Editor’s Note: Our ongoing preview of the announced features in OS X 10.5 continues, with this profile of Leopard’s enhanced support for 64-bit computing.
Full 64-bit support got top billing in
Steve Jobs’ Worldwide Developers Conference keynote —it was first on
the list of Leopard enhancements he previewed, ahead even of Apple’s striking
Time Machine backup-and-restore technology. Even at a developer conference, however, 64-bit support was an odd choice for the lead-off position, because it’s an option even Apple admits doesn’t yet make sense for most applications.
How it works
If you’re writing an application that requires truly huge amounts of memory (more than 4GB) or needs random access within data sets larger than 2GB (as opposed to, for example, video-editing apps that read and write very large files but work with only a subset at any one time), it’s convenient to deal with 64 bits of data at time, rather than the 32-bit chunks that most of today’s Mac (and Windows) applications use. Apple has for years offered developers some ways to work with 64-bit data, but those involved working around the fact that the Mac OS and most of the hardware it ran on were basically a 32-bit environment
In recent years, however, the company has gradually added some direct 64-bit support to its products: the PowerPC G5 processor, for example, was designed to handle 64-as well as 32-bit code, and Mac OS X 10.4 (Tiger)
allows developers to create fully 64-bit command-line or background applications, though not 64-bit programs with their own graphical interface.
Things will be different in Leopard: Developers can now build full-fledged Mac apps that are 64-bit-capable. But developers converting existing Mac programs will face a fair bit of work. Not only their own code, but every library, framework, and plug-in their programs use will have to be modified and recompiled.
Even then, there’s not always a clear-cut case to move to 64 bits. First, 64-bit code will work only on G5 or Core 2 processors—developers will still have to deliver 32-bit versions for users with Macs based on G3 and G4 PowerPCs or even with Intel’s first-generation Core Duo and Core Solo CPUs (in other words, the current MacBook, MacBook Pro, iMac and Mac mini product lines).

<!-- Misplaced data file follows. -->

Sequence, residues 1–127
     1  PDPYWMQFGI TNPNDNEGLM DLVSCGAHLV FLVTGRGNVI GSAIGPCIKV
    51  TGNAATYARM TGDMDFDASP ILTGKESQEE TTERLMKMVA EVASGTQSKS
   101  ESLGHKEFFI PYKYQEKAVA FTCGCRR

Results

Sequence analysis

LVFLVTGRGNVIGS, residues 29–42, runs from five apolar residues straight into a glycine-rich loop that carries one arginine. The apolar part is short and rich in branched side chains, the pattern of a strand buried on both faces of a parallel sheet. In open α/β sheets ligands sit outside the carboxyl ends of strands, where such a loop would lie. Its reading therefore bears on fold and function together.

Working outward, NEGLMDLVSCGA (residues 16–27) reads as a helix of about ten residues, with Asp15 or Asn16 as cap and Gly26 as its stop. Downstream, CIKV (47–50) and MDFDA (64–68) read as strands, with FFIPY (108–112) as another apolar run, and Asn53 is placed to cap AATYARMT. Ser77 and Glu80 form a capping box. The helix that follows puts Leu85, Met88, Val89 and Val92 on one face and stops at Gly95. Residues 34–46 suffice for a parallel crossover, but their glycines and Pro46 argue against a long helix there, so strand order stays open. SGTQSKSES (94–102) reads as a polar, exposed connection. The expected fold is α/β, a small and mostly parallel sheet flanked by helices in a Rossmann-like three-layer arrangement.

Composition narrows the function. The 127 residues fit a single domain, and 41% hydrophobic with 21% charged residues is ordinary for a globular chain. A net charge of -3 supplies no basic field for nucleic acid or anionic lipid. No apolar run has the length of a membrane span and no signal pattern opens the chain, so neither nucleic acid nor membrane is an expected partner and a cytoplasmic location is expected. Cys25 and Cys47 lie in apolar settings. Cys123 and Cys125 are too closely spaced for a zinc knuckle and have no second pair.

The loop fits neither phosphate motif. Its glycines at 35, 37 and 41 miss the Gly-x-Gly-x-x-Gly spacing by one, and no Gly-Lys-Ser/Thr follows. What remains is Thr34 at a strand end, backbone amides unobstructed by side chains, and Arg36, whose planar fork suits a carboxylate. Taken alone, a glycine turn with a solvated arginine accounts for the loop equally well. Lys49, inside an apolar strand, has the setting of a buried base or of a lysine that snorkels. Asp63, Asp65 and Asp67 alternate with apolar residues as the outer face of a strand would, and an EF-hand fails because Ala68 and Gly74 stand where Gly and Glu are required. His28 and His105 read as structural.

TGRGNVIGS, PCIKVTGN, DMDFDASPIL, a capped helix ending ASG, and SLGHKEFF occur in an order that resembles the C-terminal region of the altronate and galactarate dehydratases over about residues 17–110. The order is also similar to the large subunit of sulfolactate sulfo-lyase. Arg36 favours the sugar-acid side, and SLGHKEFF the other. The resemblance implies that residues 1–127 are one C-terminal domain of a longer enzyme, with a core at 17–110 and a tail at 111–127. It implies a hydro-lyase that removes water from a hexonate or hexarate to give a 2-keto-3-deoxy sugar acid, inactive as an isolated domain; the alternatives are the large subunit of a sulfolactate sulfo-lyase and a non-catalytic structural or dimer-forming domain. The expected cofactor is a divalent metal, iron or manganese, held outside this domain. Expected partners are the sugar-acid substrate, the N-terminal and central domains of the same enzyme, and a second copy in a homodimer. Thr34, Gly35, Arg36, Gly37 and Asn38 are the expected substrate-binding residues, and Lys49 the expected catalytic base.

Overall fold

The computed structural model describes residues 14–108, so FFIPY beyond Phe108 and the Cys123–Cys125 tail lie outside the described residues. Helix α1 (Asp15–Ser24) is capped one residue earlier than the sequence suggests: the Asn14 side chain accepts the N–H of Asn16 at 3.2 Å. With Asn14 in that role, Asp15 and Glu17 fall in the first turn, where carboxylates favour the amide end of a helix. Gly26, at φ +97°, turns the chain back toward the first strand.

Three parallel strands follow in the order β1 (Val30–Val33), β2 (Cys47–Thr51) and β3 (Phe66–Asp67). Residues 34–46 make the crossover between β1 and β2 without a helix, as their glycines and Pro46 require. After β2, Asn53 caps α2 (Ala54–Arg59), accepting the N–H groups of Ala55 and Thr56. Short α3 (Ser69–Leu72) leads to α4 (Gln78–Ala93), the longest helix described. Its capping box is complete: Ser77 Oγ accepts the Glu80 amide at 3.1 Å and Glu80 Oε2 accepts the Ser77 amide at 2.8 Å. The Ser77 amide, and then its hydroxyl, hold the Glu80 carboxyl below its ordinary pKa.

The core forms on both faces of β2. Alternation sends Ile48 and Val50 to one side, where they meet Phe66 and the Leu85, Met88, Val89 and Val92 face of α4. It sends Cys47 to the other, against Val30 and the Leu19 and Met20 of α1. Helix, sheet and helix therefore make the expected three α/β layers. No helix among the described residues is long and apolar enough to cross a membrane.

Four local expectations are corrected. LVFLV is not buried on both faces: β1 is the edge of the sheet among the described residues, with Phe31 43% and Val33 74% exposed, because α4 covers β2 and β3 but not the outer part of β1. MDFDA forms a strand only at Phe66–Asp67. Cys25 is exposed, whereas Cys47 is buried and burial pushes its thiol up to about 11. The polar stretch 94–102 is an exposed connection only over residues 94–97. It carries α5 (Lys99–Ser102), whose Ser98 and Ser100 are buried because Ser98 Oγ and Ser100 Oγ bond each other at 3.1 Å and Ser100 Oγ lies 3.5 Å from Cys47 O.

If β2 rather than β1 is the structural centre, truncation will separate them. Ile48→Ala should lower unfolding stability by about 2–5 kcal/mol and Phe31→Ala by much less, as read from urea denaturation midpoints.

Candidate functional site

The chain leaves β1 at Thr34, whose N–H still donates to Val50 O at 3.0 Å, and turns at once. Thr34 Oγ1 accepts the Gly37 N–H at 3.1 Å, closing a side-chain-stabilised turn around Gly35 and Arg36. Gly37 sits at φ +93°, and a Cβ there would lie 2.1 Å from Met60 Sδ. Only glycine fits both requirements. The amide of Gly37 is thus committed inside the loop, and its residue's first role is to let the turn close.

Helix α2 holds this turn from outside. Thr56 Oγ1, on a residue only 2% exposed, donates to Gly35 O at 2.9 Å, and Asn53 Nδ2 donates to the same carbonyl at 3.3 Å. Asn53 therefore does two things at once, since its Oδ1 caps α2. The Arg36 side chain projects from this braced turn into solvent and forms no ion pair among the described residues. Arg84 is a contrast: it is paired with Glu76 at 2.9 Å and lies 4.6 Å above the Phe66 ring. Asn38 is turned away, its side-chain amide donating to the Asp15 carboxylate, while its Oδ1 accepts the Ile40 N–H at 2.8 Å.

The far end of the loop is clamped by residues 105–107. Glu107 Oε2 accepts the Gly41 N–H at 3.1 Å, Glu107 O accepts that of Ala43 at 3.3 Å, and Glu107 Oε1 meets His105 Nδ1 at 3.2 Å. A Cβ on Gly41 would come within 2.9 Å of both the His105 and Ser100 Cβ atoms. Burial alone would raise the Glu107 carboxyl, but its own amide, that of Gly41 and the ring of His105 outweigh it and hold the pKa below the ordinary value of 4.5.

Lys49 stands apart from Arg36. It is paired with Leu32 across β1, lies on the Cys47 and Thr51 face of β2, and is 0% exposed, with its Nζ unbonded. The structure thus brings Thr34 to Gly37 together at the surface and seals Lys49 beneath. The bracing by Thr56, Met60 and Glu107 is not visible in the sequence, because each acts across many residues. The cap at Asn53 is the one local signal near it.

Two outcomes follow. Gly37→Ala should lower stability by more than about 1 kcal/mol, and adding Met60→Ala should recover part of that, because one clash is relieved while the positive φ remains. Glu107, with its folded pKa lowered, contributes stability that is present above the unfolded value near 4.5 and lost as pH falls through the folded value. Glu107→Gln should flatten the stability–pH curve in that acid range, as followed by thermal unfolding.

Second, some 64-bit programs will actually perform more slowly than 32-bit equivalents, particularly on G5 Macs. Although most applications are likely to pick up some performance by going 64-bit, the benefits are not likely to be overwhelming, even on the new Mac Pro and future models with Core 2 processors. The main problem is that going from 32- to 64-bits results in inflated code, which means less of it fits in the processor’s L1 and L2 caches, and more relatively slow calls to memory are required.
Who’s it for
Developers of certain types of programs that work with huge amounts of data—some scientific computing applications, large database and data-mining systems, large-scale CAD/CAM apps, and specialized image processing programs, to name a few—will appreciate Leopard’s full, native support for 64-bit computing, especially if they are creating new applications from scratch and if they are targeting only future Core 2 CPUs, leaving PowerPC and first-generation Core users behind.
What it means
In a decade or two, 32-bit computing may only be a distant memory, and the Mac OS (or whatever succeeds it) and the hardware it runs on will be fully optimized for 64-bit operation. By then, in hindsight, the addition of 64-bit application support in Leopard will look like a milestone on an important evolutionary path. But in the near term, it’s mostly of interest to developers of specialized technical applications. For most Mac fans—even graphics professionals and other power users—this is one leap forward that’s not likely to produce much of a splash when Leopard is unleashed next spring.
[ Henry Norr is a former editor of MacWeek and a former technology columnist for the San Francisco Chronicle .]